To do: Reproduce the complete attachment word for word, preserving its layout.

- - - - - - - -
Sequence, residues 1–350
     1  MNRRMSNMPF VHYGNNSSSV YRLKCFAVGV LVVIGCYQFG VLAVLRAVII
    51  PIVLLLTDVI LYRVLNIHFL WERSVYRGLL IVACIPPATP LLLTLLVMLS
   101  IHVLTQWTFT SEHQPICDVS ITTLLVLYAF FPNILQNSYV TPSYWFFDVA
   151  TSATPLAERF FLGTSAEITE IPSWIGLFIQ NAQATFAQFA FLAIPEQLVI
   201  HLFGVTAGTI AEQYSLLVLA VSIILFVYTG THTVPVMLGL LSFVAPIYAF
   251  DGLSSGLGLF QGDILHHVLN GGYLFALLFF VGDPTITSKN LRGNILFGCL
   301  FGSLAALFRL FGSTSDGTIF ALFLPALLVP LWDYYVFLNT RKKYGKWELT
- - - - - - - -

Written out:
Sequence, residues 1–350
     1  MNRRMSNMPF VHYGNNSSSV YRLKCFAVGV LVVIGCYQFG VLAVLRAVII
    51  PIVLLLTDVI LYRVLNIHFL WERSVYRGLL IVACIPPATP LLLTLLVMLS
   101  IHVLTQWTFT SEHQPICDVS ITTLLVLYAF FPNILQNSYV TPSYWFFDVA
   151  TSATPLAERF FLGTSAEITE IPSWIGLFIQ NAQATFAQFA FLAIPEQLVI
   201  HLFGVTAGTI AEQYSLLVLA VSIILFVYTG THTVPVMLGL LSFVAPIYAF
   251  DGLSSGLGLF QGDILHHVLN GGYLFALLFF VGDPTITSKN LRGNILFGCL
   301  FGSLAALFRL FGSTSDGTIF ALFLPALLVP LWDYYVFLNT RKKYGKWELT